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Are there different levels of concussion? There are three degrees of concussion:
Grade 1: presence of some of the symptoms from the previous list without loss of consciousness and with a maximum duration of 15 minutes.
Grade 2: No loss of consciousness but symptoms last for more than 15 minutes.
Grade 3: There is loss of consciousness — even if only for a few seconds.
Knowing the different degrees of concussion is important because how soon you can safely resume sports activity after suffering a concussion depends on the degree of the latter:
In Grade 1 concussions, sports activity can be resumed as soon as symptoms subside. But you should stop playing sports if you suffer another traumatic brain injury.
When you have a grade 2 concussion, you should stop sports activity and not do any sport or physical activity that could lead to another traumatic brain injury for at least a week.
When you have a grade 3 concussion, you should see a doctor as soon as possible.
What should you do if a friend or teammate suffers a concussion? Tell an adult or coach immediately. Even if the concussion is mild, the affected person should sit and rest for the rest of the match. If the symptoms are severe (for example, having seizures or being unconscious for a long time) or seem to be getting worse, you should ask for urgent medical help.
When a doctor suspects that a patient may have a concussion, he or she will first ask about the traumatic brain injury they have suffered — how and when it occurred — and about their symptoms. The doctor may also ask you apparently silly questions, such as: “Who are you?”; “Where are you?”; “What day is today?” or “Who is the President?”
The doctor will carefully evaluate the functioning of your patient’s nervous system, including balance, coordination and reflexes. The patient may be asked to do an activity, such as running without moving from the location for a few minutes, to see how the brain works after physical exercise.
Sometimes doctors send patients who have suffered traumatic brain injuries diagnostic imaging tests, such as a computed tomography (CT) scan – a special x-ray of the brain – or an MRI (special imaging) of the brain that is not used X-rays – to rule out possible bleeding or other serious brain injuries.
If the concussion is not severe enough to require hospitalization, the doctor will instruct the patient on what to do at home, such as asking someone to wake him up at night once. If a person who has a concussion has a hard time waking up, is increasingly confused, or has other symptoms such as vomiting, it could be a more serious problem, so the doctor should be contacted again.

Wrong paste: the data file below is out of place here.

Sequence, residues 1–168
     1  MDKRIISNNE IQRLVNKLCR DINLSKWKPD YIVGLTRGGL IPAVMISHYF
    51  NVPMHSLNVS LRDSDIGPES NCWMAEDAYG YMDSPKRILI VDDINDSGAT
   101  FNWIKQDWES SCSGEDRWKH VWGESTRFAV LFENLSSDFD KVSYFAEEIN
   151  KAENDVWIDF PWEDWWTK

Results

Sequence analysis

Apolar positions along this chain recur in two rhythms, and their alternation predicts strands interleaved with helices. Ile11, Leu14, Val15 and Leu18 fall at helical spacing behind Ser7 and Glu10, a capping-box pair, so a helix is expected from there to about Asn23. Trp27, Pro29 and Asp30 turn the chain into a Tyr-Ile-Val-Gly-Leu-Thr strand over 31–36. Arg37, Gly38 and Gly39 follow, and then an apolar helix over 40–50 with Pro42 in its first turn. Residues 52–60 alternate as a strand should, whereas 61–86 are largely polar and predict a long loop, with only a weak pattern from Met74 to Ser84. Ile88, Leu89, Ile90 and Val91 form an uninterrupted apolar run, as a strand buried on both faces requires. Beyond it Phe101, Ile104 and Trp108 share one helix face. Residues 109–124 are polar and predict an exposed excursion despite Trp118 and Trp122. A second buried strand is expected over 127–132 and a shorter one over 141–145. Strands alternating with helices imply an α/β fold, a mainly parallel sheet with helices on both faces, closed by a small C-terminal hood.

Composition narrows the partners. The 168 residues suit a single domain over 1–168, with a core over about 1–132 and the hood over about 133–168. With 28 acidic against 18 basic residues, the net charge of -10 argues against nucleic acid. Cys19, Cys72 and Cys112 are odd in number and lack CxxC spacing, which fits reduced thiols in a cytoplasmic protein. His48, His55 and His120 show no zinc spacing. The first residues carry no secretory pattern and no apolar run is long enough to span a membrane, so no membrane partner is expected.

The doctor will probably recommend a person with a concussion to take acetaminophen or other headache medications that do not contain acetylsalicylic acid (the active substance in aspirin). He will also ask you to take your studies and work slowly.
How to identify traumatic brain injury .Traumatic brain injuries are usually emergencies and the consequences can quickly worsen without treatment. Doctors usually need to assess the situation quickly.
Glasgow Coma Scale
This 15-point test allows the doctor or other members of the emergency medical staff to assess the initial severity of a brain injury by checking the person’s ability to follow instructions, and to move the eyes and limbs. Speech coherence also provides important clues.
On the Glasgow Coma Scale, abilities are rated with a number from 3 to 15. High scores mean less serious injuries.
Information about injury and symptoms
If you saw that someone was injured or arrived immediately after they were injured, you can provide medical staff with useful information to assess the injured person’s condition.
The answers to the following questions can be used to determine the severity of the injury:
How did the injury occur?
Did the person lose consciousness?
How long were you unconscious?
Did you see any other changes in alertness, speech or coordination, or other signs of injury?
Where was the head or other body parts hit?
Can you provide information on the strength of the injury? For example, what hit your head? How far did you fall? Was the person thrown from a vehicle?
Was your body hit or shaken a lot?
Computed tomography (CT) scan. This is usually the first test performed in the emergency room when traumatic brain injury is suspected. In a CT scan, a series of x-rays are used to create a detailed view of the brain. On a CT scan, you can quickly visualize fractures and discover evidence of bleeding in the brain (hemorrhage), blood clots (bruises), brain tissue with bruises (contusions), and swelling of brain tissue.
Magnetic resonance (MR). This test can be used once the person’s disorder has stabilized or if symptoms do not improve soon after injury.
Intracranial pressure control
Swelling of the tissue from a traumatic brain injury can increase the pressure inside the skull and cause further damage to the brain. Doctors can insert a tube through the skull to monitor this pressure.